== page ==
Yazawa is a first-rate writer. Paradise Kiss, her first translated series, is a heart-tugging weeper about the fashion industry with a (mostly) lovable collection of idiosyncratic misfits, a fairy-tale ending that never quite arrives, and heaping dollops of bitter and sweet doled out with exquisite immoderation. By comparison the first two Nana volumes were a little plodding, but the latest quickly gets up to speed with a brutal love triangle. Nana O.'s boyfriend, Shoji, is attracted to a new coworker named Sachiko. The setup is pedestrian but the execution is flawless.

Even though Nana is the central character in this story, Yazawa is careful to make both Shoji and Sachiko sympathetic as well: if anything, whiny, erratic Nana is the least likable of the three. Sachiko, on the other hand, is thoughtful and sweet, desperately trying to hold onto her self-respect in her role as the other woman. Shoji too is hard to hate. Yazawa depicts facial expressions vividly, and Shoji's convey by turns horror, despair, confusion, and numb resignation. His main sin is that he doesn't want to hurt anyone; as a result, he methodically breaks everyone's heart, including his own.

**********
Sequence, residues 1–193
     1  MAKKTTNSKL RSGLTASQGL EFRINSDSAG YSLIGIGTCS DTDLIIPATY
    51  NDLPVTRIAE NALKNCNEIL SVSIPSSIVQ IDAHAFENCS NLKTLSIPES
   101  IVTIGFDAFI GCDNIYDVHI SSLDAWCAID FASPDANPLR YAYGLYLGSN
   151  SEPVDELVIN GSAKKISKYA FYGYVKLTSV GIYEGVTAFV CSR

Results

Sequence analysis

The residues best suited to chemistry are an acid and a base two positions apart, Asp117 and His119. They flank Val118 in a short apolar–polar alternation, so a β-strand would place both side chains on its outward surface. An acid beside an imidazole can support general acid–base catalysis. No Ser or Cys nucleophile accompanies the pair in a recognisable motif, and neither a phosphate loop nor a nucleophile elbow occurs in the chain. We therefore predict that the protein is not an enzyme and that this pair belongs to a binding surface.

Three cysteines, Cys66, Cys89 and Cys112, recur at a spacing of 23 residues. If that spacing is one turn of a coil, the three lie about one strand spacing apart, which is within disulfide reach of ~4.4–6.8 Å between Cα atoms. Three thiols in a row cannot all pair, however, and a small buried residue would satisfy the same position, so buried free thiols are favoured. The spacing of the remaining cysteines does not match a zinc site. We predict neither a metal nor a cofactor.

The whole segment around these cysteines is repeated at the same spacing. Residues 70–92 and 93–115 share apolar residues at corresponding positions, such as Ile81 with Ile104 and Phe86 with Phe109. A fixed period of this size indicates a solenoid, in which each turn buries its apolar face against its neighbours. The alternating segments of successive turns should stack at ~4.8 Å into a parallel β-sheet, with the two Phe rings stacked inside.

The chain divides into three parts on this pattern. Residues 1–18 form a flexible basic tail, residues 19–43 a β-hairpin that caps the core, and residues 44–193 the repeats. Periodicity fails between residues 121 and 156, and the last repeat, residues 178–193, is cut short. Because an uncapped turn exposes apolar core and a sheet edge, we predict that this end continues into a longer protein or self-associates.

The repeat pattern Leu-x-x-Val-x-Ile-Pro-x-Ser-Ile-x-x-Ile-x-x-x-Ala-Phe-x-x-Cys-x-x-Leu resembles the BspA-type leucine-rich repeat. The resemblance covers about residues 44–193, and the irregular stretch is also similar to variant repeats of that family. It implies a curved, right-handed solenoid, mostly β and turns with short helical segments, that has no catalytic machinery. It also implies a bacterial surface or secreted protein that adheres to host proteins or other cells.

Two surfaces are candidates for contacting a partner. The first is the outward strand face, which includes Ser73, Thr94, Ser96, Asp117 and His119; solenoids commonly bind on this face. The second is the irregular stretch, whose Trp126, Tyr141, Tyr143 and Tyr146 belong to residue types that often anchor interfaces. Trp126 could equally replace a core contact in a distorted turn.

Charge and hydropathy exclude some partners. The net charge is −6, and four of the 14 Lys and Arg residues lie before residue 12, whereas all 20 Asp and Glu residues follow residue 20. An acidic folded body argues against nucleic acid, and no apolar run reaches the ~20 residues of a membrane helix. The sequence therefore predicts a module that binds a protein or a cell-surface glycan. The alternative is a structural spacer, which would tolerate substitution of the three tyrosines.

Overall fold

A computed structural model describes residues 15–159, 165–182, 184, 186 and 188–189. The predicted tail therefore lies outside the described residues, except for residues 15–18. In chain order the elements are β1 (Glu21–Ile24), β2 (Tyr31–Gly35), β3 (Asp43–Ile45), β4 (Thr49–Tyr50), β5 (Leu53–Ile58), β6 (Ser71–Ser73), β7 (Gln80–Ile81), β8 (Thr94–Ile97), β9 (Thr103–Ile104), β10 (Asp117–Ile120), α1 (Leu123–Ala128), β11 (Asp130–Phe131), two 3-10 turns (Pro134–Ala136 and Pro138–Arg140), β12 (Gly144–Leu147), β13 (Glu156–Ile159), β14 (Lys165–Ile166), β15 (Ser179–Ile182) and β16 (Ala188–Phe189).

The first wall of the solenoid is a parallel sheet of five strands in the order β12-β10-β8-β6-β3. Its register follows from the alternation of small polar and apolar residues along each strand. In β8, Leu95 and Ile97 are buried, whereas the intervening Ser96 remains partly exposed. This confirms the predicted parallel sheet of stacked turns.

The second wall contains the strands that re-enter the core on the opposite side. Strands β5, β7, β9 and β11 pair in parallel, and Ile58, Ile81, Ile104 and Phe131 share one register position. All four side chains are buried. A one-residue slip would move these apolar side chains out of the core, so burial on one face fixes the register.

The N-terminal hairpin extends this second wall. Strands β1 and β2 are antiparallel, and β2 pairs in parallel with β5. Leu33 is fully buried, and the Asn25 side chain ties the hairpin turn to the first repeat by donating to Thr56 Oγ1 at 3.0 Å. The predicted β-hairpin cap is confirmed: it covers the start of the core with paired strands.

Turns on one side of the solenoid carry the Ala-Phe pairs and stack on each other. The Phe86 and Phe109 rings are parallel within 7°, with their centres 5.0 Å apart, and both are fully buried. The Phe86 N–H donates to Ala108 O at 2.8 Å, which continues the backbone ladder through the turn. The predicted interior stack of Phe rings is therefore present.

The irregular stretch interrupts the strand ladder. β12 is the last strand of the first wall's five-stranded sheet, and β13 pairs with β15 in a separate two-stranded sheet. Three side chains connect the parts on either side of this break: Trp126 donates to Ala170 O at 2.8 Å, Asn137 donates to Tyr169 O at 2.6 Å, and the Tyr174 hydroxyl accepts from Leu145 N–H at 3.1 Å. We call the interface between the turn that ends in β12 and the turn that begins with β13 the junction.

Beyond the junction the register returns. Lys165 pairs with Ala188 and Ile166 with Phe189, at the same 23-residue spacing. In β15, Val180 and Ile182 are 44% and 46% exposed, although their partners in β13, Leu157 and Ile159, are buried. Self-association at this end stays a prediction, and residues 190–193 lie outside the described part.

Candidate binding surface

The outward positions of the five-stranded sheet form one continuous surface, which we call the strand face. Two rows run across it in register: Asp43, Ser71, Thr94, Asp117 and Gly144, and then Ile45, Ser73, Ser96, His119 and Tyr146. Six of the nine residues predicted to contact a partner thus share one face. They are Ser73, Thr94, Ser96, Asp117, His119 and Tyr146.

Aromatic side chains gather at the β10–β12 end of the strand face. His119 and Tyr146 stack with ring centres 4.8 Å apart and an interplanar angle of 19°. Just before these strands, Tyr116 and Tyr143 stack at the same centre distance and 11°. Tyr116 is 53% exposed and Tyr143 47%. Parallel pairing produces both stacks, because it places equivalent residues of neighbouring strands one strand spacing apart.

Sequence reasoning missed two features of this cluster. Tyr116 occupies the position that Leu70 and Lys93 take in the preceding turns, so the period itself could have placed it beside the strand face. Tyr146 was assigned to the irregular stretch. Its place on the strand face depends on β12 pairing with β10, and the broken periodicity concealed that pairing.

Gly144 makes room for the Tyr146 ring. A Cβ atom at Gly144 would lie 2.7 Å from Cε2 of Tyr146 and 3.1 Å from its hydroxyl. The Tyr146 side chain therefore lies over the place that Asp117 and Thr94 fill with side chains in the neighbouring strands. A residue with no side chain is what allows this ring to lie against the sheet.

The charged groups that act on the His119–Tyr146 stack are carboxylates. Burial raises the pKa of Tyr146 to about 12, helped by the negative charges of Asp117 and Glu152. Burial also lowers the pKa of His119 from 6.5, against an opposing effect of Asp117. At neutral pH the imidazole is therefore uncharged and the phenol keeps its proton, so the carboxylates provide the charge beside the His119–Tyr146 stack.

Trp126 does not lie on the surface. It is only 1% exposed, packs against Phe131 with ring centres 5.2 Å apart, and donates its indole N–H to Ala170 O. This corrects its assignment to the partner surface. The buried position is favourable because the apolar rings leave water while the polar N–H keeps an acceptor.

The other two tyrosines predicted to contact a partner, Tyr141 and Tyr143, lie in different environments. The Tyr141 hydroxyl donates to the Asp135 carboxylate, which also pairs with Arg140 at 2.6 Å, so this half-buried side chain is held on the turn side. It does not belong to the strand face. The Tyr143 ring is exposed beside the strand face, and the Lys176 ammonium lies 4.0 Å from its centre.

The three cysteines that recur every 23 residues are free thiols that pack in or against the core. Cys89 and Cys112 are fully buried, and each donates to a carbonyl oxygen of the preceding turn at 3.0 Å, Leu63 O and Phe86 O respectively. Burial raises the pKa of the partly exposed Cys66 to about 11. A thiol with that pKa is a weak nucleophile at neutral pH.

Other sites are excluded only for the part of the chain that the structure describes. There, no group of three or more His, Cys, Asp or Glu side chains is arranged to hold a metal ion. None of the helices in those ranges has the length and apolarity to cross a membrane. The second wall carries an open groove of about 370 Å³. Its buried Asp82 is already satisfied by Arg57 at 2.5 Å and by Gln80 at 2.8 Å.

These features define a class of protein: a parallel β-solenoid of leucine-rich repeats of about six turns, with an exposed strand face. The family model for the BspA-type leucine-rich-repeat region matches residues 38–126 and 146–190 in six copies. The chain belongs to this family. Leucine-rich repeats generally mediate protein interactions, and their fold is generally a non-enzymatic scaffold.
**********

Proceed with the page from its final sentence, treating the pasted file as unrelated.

Yazawa's story unfolds leisurely, full of details, subplots, asides, and minor characters. New developments and emotional subcurrents have time to grow naturally out of what has come before. For example, we know from volume one that Nana O. is so volatile that she falls for just about every third guy she sees. Her (mostly) platonic volume-three crush on the charismatic Nana K. is, therefore, entirely believable. Nana K.'s response--a mix of exasperation, affection, and good-natured exploitation--is also in character. The scene where the two kiss is one of the funniest moments in the book.

That kiss resonates due to the careful accretion of detail, a hallmark of shojo and of Yazawa's work in particular. From her careful plotting to her luscious covers, from her gorgeous renderings of clothing to her seamless transitions between emotive close-ups and cartoonish slapstick, everything in Nana screams craft--and that's what really separates shojo from both most romance comics on the market today and from Western comics in general.

It is possible to find similar examples of skill tied to affairs of the heart if you go back a bit: Jane Austen comes to mind, as do the screwball comedies of the 30s and 40s. Nana isn't that good, at least not yet. But there are 15 volumes and counting in Japan, and the series has been getting better as it goes along. If you can't wait for volume four, you can try tracking the story chapter by chapter; it's currently being serialized in the Viz anthology title Shojo Beat.